A Great Horned Owlet in the Face of Danger – Visit 5

A Great Horned Owlet in the Face of Danger – Visit 5

a great horned owlet, markham, ontario

The Great Horned Owlet that we had been observing was now almost 6 weeks old.  Bob and I were keen to see if the family of owls was still occupying the same woodlot in Markham, Ontario. Read more

A Great Horned Owlet Hiding in Plain Sight – Visit 4

A Great Horned Owlet Hiding in Plain Sight – Visit 4

a great horned owl, markham, ontario

Bob and I refrained from visiting the Great Horned Owls in Markham, Ontario, Canada, for a few days.  From another person in the know about the owls’ location, we learned that the Great Horned owlet was becoming increasingly difficult to find. Read more

A Great Horned Owlet with Wanderlust – Visits 2 and 3

A Great Horned Owlet with Wanderlust – Visits 2 and 3

great horned owlet and adult in nest, markham, ontario

On May 12, Bob and I went to check on the Great Horned Owls’ nest previously observed in a Markham park in Ontario, Canada.  We found the 3-week old Great Horned owlet hunkered down out of sight.  After a few minutes, the owlet appeared over the lip of the nest and looked in our direction.  We were there and gone after 15 minutes. Read more

“Into Africa” – Someday in the Post-covid World

“Into Africa” – Someday in the Post-covid World

A couple of weeks ago, I decided to make this video as part of my wife’s, Jean’s, birthday gift.  As you will see, this video highlights our travels to South Africa, and it features Jean.

Hopefully, you all enjoy it, and in a small way, you are able to take a short virtual tour of South Africa with Jean.

For now, because of the pandemic, we remain “Out Of Africa”.  Hopefully someday, Jean and I, and all of you, will be able to head back “Into Africa”.

 

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An Eastern Screech Owl (Red Morph) in Burlington, Ontario

An Eastern Screech Owl (Red Morph) in Burlington, Ontario

tan morph eastern screech owl_burlington_ontario_ 6

Bob and I had heard that, at a particular cemetery in Burlington, Ontario, there are no less than three Eastern Screech Owls that inhabit nest holes in a couple of different trees.  On the morning of our most recent visit, we did find one of the Red Morph Screech Owls, but when directed to a second tree that a pair of Screech Owls calls home, the cavity showed no sign of its occupants.  It wasn’t until much later in the afternoon that I spotted this Red Morph when it poked its head out of the dark hollow for a peak at the world. Read more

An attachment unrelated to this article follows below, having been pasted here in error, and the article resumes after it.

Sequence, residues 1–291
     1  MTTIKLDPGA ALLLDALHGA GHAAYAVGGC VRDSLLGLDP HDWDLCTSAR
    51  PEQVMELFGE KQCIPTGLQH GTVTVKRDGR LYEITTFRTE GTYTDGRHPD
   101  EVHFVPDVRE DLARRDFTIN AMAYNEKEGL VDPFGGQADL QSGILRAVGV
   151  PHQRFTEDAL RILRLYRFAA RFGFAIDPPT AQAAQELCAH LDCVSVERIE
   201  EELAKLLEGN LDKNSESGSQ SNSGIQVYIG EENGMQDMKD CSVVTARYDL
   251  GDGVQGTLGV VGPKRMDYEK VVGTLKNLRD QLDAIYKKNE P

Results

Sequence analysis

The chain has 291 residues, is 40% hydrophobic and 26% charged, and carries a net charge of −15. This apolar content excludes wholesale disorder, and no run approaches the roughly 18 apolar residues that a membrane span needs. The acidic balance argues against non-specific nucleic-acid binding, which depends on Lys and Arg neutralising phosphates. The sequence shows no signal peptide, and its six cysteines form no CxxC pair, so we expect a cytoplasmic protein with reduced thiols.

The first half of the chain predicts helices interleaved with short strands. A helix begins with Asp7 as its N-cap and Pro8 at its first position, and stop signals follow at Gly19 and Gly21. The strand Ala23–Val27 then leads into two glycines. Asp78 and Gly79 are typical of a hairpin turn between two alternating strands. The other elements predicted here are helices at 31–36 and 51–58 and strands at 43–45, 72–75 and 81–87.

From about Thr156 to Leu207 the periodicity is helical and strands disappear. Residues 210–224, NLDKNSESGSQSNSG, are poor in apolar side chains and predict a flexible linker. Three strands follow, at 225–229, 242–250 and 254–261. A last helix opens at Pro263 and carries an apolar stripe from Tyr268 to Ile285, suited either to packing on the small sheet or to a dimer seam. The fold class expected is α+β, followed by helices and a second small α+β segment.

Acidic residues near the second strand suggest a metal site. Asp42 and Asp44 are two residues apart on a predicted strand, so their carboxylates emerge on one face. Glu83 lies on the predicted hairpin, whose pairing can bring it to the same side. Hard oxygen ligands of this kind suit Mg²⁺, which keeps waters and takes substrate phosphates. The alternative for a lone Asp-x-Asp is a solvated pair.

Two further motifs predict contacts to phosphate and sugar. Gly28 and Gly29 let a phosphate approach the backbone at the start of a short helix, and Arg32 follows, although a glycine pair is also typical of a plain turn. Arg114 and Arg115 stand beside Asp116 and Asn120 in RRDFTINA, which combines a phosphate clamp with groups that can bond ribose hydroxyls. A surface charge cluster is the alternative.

Eastern Screech Owl Red Morph In Burlington’s Woodland Cemetery

Eastern Screech Owl Red Morph In Burlington’s Woodland Cemetery

Eastern Screech Owl - Red Morph at Woodland Cemetery in Burlington, Ontario, Canada

Well, Bob and I can finally say that we have seen an Eastern Screech Owl (Megascops asio) in the wild, as opposed to one we visited at the Mountsberg Raptor Centre a couple of years ago.  It has taken us two years to finally see the Eastern Screech Owls at Woodland Cemetery in Burlington and not for lack of knowing where to look.  It was overcast one day last week when Bob and I again ventured west of Toronto in hopes of finding at least one of the known Screech Owls out of its nest hole.  Read more

Trumpeter Swans with Cygnets at Milliken Park in Scarborough



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Trumpeter Swans with Cygnets at Milliken Park in Scarborough

two trumpeter swan hatchlings at toronto park - july 2014

How exciting to find that the pair of Trumpeter Swans at our local park in north Scarborough now have two recently-hatched offspring to care for.  As Bob and I looked on, the cygnets kept very close to “mom” on the shore of the pond… Read more

Grey Catbird At Ashbridge’s Bay Park In Toronto



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Grey Catbird At Ashbridge’s Bay Park In Toronto

catbird at ashbridges bay park - toronto 3

At the peak of bird migration this past spring, Bob and I headed to Ashbridge’s Bay on the Lake Ontario waterfront in the hopes of sighting a variety of bird species all in one go.  Reports had been pouring in about the large numbers of warblers and other songbirds seen there over the previous week, fresh from their flight across the wide expanse of the smallest of the Great Lakes, Lake Ontario.  At its maximum width, the lake is 53 miles (85 km) across.  Amongst several bird species that we photographed that day was this Grey Catbird (Dumetella carolinensis). Read more

A Hooded Merganser in Hendrie Valley Sanctuary



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A Hooded Merganser in Hendrie Valley Sanctuary

Hooded Merganser, grindstone creek, hamilton, ontario

Bob and I drove out to Hamilton, Ontario, on a recent spring day, and opted to hike a trail system near the Royal Botanical Gardens rather than revisit Cootes Paradise, one of our favorite places to go birdwatching.  The Hendrie Valley Sanctuary encompasses a variety of habitats including marshlands, forested slopes, floodplain wetlands and four creeks.  It was there, as we walked along a section of Grindstone Creek, that we came upon this Hooded Merganser (Lophodytes cucullatus) paddling its way upstream. Read more

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